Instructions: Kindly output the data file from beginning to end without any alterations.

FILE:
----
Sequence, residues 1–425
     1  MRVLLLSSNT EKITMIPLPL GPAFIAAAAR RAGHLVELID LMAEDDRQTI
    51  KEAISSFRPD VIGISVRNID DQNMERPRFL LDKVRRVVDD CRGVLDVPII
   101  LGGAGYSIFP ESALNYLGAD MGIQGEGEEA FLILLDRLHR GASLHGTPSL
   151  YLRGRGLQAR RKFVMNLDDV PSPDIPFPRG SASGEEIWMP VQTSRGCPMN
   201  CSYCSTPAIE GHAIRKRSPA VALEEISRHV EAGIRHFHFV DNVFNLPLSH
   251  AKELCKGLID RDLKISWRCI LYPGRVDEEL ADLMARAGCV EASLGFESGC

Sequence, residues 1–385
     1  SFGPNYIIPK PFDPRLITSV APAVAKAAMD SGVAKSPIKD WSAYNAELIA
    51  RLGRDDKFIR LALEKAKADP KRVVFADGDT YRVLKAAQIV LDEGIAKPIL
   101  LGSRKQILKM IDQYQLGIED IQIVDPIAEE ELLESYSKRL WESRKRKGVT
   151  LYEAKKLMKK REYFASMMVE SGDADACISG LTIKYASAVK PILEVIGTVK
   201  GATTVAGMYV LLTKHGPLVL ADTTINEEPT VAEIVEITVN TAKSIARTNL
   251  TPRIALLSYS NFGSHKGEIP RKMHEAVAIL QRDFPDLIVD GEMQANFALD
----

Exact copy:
Sequence, residues 1–425
     1  MRVLLLSSNT EKITMIPLPL GPAFIAAAAR RAGHLVELID LMAEDDRQTI
    51  KEAISSFRPD VIGISVRNID DQNMERPRFL LDKVRRVVDD CRGVLDVPII
   101  LGGAGYSIFP ESALNYLGAD MGIQGEGEEA FLILLDRLHR GASLHGTPSL
   151  YLRGRGLQAR RKFVMNLDDV PSPDIPFPRG SASGEEIWMP VQTSRGCPMN
   201  CSYCSTPAIE GHAIRKRSPA VALEEISRHV EAGIRHFHFV DNVFNLPLSH
   251  AKELCKGLID RDLKISWRCI LYPGRVDEEL ADLMARAGCV EASLGFESGC

Sequence, residues 1–385
     1  SFGPNYIIPK PFDPRLITSV APAVAKAAMD SGVAKSPIKD WSAYNAELIA
    51  RLGRDDKFIR LALEKAKADP KRVVFADGDT YRVLKAAQIV LDEGIAKPIL
   101  LGSRKQILKM IDQYQLGIED IQIVDPIAEE ELLESYSKRL WESRKRKGVT
   151  LYEAKKLMKK REYFASMMVE SGDADACISG LTIKYASAVK PILEVIGTVK
   201  GATTVAGMYV LLTKHGPLVL ADTTINEEPT VAEIVEITVN TAKSIARTNL
   251  TPRIALLSYS NFGSHKGEIP RKMHEAVAIL QRDFPDLIVD GEMQANFALD